Three Questions From dotGo

With all the dotGo 2014 videos out now, I took an interest in the three questions Andrew Gerrand would ask each speaker in a back stage style interview. Every time I heard the questions, I would rack my brain to find the best answer I could come up with. So without further ado, he’s the questions and my responses.

What is the first Go program you wrote?

The first true Go program that I wrote eventually turned in to my first package called gapless. Its purpose was to listen to a Redis list, process the message, and send push notifications to Apple (which in turn pushed them to iOS devices). The original implementation was in python, and sending over 100,000 notifications a day would backlog the queue for long periods of time as it was a single threaded process. So after investigating Go for a while, I realized how goroutines could solve my current pains. This worked so well, that I ended up rewriting the API server in Go as well.

What’s your favorite bug?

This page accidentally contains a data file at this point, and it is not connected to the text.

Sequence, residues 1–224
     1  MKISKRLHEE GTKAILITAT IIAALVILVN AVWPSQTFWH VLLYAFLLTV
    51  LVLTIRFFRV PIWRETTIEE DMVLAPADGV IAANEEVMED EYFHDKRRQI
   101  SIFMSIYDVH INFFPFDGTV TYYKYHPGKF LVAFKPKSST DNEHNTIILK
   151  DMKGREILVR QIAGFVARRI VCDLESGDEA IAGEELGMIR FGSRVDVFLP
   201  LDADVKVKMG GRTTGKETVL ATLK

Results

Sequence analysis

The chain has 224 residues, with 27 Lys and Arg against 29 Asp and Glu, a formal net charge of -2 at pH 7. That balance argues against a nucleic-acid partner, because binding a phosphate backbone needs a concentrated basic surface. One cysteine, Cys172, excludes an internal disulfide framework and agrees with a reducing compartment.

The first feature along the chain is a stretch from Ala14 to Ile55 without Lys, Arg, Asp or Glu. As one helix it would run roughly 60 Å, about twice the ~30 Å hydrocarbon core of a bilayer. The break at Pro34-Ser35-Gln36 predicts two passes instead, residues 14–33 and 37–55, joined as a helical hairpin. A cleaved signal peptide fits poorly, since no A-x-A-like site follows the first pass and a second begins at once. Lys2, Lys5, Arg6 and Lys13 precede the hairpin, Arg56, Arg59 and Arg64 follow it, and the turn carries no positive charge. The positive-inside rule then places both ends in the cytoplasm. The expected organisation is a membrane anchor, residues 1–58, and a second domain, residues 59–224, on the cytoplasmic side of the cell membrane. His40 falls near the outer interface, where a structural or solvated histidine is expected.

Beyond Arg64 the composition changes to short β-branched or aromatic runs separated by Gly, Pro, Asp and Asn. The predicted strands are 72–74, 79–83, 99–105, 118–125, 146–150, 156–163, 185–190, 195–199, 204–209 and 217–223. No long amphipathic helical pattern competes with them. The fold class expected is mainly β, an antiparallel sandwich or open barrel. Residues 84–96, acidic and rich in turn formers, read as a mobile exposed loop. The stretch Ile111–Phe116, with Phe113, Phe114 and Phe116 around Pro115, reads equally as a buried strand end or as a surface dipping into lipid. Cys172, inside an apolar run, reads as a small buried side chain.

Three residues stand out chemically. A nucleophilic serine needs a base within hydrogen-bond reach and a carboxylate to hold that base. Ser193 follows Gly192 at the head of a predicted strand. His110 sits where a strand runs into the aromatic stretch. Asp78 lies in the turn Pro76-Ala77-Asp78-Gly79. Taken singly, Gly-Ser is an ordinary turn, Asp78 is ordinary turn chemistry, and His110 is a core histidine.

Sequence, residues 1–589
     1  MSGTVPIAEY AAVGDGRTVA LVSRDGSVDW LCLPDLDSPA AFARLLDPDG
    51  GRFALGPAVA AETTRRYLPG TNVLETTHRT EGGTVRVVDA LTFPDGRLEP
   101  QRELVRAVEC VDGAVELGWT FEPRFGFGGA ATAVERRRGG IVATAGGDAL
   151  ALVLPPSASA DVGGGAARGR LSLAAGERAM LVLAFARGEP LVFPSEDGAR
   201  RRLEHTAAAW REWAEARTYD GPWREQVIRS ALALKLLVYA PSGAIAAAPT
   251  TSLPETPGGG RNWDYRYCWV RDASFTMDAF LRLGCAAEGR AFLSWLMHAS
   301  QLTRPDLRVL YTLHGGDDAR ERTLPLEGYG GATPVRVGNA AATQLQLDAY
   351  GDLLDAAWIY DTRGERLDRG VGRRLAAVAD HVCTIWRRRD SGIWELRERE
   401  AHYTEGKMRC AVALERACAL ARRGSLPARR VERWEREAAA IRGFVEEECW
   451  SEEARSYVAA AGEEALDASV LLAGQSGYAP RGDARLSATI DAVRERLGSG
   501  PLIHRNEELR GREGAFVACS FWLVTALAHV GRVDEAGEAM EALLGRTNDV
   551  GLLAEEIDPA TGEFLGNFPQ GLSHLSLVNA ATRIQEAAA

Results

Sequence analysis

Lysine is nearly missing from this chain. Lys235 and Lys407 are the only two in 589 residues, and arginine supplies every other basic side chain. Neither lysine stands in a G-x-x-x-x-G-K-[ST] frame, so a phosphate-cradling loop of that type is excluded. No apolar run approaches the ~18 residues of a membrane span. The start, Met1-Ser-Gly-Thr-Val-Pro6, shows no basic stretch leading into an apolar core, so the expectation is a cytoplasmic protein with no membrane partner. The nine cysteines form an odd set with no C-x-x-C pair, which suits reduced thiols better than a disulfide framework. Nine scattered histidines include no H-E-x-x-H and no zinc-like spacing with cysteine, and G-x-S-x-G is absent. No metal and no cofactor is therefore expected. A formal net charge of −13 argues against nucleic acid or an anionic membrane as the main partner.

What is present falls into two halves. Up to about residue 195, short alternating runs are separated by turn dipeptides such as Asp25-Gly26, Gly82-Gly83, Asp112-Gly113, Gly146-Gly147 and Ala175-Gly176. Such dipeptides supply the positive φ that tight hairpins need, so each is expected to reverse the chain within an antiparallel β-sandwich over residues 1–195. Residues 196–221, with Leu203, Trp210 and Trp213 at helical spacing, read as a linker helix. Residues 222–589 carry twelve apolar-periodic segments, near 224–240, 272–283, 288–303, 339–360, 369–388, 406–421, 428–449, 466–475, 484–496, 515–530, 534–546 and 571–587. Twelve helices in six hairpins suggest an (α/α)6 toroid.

This bug has nothing to do with Go, but it’s one of my favorites. I was working on an API that took a datetime like 2014-11-12 12:59:59.997 as a parameter. The consuming app was written in VB.NET and backed by a MSSQL 2008 database, and yes this is an important detail. This consumer app would look at the last element it had received, and send a datetime of that element to my API. My API would then return anything newer based on the datatime (and yes, there is a good reason we didn’t use a unique identifier for this). So it turns out MSSQL has a bit of an accuracy issue when dealing with datetimes. The consuming app would send a datatime like 2014-11-12 12:59:59.997 but actually it meant to send 2011-01-01 23:59:59.998, and thus my API would send a duplicate element back! Took a lot of back and forth to solve this little gem.

What is the worst code you have ever written?

This is an example of embarrassing code. The first site I was ever tasked to write needed a way to update the content without editing the source files. Today we would call this a CMS, and use some out-of-the-box solution like Drupal, Django or Wordpress. But being new to this crazy web world, I figured writing something from scratch would be the way to go. After creating a very crude administrative section, I decided to implement the most amazing and horrify feature… a form with a textarea that would take any data, and with no validation checking or escaping, run it on the database as a query. I’m happy to say I take security much more seriously these days.